Colon and Rectal Cancer Awareness Primer
Colon and rectal cancer remains the fourth most frequently diagnosed cancer and will affect over 150,000 new patients in the United States alone. The good news is that the number of new cases per year has been steadily decreasing by approximately 2.5% per year over the last two decades. This is believed to be, in part, because of cancer prevention and earlier diagnosis through colonoscopy.
A colonoscopy is a small camera that traverses the large bowel from the anus to the small intestine. The procedure is performed under twilight sedation and is painless. Prior to the procedure a bowel cleansing regimen is required to improve visualization of the bowels. People who have never had a colonoscopy are more concerned about the colonoscopy itself while colonoscopy veterans are more inconvenienced by the bowel prep.
The benefit of colonoscopy is identifying and treating non-cancerous polyps before the polyps become cancerous. Non-cancerous polyps are asymptomatic and grow slowly but can progress to cancer over 7 to 10 years and as the polyps grow the risk of progression to cancer increases. When non-cancerous polyps are identified and removed during colonoscopy, the progression to cancer is halted. There are alternatives to colonoscopy like Cologuard, Fecal Occult Blood, or CT Colonoscopy. These tests however can only detect irregularities and require a colonoscopy if an irregularity is detected.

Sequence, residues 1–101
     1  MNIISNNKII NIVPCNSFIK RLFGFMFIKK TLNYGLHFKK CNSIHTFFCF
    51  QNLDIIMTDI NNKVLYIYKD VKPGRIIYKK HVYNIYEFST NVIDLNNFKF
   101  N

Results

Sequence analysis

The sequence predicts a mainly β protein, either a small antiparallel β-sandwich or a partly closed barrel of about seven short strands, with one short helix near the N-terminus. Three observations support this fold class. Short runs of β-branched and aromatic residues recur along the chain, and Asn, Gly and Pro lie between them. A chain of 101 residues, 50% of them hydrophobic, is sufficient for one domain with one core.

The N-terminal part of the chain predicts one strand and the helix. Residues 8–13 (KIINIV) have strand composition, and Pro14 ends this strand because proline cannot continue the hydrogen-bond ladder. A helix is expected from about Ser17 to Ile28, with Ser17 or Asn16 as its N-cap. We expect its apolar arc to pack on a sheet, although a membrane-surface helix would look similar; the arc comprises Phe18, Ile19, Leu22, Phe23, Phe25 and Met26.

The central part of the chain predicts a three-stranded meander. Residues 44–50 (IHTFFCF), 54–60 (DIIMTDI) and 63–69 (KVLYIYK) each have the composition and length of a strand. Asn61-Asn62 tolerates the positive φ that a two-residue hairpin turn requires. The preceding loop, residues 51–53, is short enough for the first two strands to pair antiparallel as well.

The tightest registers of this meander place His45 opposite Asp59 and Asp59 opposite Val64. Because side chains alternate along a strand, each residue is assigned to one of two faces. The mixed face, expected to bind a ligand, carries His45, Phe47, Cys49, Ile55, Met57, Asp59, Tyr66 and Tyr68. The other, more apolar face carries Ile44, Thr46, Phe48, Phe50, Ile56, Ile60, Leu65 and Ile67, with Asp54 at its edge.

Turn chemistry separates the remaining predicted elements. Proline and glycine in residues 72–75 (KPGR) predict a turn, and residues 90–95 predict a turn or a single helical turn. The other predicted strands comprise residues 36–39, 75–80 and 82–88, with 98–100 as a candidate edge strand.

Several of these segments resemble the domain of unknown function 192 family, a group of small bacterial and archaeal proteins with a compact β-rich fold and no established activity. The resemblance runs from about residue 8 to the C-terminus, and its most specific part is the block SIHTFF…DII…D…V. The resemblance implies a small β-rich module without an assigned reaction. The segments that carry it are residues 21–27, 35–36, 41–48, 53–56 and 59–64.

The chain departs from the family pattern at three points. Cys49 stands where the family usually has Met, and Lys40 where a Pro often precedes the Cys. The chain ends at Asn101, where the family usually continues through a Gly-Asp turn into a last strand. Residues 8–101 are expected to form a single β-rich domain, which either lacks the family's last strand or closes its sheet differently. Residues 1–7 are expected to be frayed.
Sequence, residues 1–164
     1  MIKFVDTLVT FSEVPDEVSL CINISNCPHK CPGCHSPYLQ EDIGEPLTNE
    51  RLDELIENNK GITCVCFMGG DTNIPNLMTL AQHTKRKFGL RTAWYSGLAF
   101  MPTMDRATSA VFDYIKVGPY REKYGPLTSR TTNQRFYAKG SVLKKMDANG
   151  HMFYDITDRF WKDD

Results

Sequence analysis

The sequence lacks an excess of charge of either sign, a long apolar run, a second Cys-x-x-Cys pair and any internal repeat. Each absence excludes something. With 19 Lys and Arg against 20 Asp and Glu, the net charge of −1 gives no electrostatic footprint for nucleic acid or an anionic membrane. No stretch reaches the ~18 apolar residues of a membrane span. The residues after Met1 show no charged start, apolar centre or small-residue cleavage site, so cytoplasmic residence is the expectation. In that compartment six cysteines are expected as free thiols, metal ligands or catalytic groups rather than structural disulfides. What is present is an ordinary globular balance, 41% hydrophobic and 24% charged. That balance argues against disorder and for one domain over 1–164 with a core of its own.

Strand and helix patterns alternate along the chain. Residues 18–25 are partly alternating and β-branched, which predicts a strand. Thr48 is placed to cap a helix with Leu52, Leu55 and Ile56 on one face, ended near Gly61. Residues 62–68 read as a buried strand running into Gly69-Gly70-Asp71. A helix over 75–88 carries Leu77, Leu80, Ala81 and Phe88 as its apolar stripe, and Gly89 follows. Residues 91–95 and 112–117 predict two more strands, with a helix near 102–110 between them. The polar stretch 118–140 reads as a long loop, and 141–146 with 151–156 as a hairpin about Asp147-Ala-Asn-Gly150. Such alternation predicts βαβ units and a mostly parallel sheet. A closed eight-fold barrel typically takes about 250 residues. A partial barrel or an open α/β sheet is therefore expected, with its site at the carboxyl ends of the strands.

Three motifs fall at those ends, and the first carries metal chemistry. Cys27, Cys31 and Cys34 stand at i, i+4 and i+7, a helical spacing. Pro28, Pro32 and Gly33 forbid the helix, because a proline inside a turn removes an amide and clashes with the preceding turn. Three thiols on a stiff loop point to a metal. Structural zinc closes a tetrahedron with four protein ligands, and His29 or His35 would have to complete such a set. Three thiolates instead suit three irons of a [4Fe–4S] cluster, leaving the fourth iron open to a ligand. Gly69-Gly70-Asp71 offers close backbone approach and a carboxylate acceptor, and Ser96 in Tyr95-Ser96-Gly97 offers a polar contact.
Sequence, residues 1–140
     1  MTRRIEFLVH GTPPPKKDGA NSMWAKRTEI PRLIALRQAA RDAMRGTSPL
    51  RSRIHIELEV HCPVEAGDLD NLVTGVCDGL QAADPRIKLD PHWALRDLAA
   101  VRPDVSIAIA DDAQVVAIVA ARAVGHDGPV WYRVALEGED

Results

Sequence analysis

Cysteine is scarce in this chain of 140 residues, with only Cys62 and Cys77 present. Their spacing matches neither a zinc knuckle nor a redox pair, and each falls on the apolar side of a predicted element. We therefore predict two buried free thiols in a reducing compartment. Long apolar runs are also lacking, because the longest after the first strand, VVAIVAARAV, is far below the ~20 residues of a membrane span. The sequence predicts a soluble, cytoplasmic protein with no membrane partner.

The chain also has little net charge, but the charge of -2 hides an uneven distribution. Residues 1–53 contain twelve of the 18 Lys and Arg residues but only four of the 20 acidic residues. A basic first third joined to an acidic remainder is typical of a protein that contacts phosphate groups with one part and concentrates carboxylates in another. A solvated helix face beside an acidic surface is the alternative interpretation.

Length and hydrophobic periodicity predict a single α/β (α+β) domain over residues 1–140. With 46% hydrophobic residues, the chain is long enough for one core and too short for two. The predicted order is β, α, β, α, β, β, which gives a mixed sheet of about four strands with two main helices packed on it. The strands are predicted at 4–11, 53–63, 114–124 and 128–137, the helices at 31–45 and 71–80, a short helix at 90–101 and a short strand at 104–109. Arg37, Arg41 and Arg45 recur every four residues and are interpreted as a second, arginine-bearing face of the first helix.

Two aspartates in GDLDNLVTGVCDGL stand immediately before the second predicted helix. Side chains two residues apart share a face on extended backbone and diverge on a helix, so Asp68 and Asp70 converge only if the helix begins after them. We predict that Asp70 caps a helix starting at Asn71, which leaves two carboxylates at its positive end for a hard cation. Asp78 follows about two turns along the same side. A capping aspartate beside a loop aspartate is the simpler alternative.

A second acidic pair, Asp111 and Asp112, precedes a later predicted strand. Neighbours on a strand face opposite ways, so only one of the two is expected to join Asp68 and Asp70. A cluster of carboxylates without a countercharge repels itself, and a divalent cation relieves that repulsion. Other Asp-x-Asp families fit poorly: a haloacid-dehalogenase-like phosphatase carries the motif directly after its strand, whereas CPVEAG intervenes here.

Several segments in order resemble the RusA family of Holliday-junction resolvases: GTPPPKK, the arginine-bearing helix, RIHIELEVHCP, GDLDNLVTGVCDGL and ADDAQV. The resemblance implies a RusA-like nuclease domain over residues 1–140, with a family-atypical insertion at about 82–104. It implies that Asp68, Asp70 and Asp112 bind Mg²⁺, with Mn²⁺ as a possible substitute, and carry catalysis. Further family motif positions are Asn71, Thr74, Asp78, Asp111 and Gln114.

Colonoscopy screening currently is recommended for all adults age 45 or older. For patients who have a family history of colon or rectal cancer or polyps, colonoscopy screening should begin 10 years prior to the first diagnosis in a relative or at age 40 at the latest. Based on findings at colonoscopy, repeat intervals range from one to ten years. Colonoscopy screening usually stops after age 85 or if a patient has a life expectancy less than 10 years.
On a personal level, I believe that colonoscopy screening is one of the most important tools that colon and rectal surgeons have to help prevent disease. For this reason, I advocate for aggressive screening in all patients who meet the age or family history criteria. Please do not hesitate to contact me if you have questions or concerns about colonoscopy screening, the alternatives, or how it relates to you as an individual.